By Maria Saporta
Alternative, renewal energy sources appear to be gaining steam in Georgia.
At Friday morning’s Sustainable Atlanta Roundtable, a panel focused on the environmental issues facing the Georgia coast.
In his presentation, Tybee Island City Councilman Paul Wolff talked about a wind energy study that was done by Georgia Tech and Georgia Power.
“We could generate half of our energy needs with wind ultimately,” Wolff told the group.
Wolff showed photo illustrations of how the wind turbines would look off the coast of Tybee, showing that would be barely visible. He also showed photos of nuclear and power plants for comparison’s sake, asking the crowd what vista they would prefer.
Specifically, Wolff said that a total of 160 turbines off the coast each producing 5 megawatts would generate 800 megawatts of power.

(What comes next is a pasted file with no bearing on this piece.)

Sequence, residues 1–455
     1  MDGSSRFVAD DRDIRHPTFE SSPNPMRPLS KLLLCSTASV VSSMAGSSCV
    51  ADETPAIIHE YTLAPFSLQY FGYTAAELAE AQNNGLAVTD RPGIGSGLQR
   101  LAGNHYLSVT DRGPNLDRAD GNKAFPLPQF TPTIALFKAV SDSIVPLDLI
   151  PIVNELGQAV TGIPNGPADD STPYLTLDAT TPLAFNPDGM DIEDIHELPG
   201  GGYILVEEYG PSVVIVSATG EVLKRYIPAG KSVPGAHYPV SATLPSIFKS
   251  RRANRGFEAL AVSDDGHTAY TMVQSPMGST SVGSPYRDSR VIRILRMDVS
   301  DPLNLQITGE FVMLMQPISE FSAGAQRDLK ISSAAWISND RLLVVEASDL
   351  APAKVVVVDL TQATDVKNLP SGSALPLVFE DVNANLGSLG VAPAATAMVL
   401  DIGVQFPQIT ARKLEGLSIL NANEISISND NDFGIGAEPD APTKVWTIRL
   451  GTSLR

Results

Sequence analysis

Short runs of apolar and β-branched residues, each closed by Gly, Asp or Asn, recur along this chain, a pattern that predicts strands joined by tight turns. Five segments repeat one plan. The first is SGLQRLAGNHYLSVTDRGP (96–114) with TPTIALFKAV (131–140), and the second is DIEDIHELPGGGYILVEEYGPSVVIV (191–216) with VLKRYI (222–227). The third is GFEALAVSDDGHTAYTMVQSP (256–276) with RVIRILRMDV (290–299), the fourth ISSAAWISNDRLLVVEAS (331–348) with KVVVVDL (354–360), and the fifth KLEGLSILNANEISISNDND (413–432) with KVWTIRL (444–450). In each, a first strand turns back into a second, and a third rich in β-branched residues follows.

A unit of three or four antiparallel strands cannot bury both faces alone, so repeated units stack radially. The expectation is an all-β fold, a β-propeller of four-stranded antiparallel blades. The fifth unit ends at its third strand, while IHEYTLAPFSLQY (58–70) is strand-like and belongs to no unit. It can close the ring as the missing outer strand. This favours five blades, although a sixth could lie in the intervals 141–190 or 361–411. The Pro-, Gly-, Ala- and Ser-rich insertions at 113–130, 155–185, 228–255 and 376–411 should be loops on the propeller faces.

“That would be enough to power more than 500,000 homes in Georgia,” Wolff said.
Wolff also said that one can’t separate the state’s water plan from the state’s energy plan because the two are inter-connected. He then described nuclear and coal plans as being “gluttonous” when it comes to the use of water.
Meanwhile, the Georgia Solar Energy Association applauded a move by the Public Service Commission this week to expand Georgia Power’s green energy program to include more solar.
Our next guest columnist — John Sibley — will be writing a piece for us this coming week on the development of the solar industry in Georgia.
So stay tuned.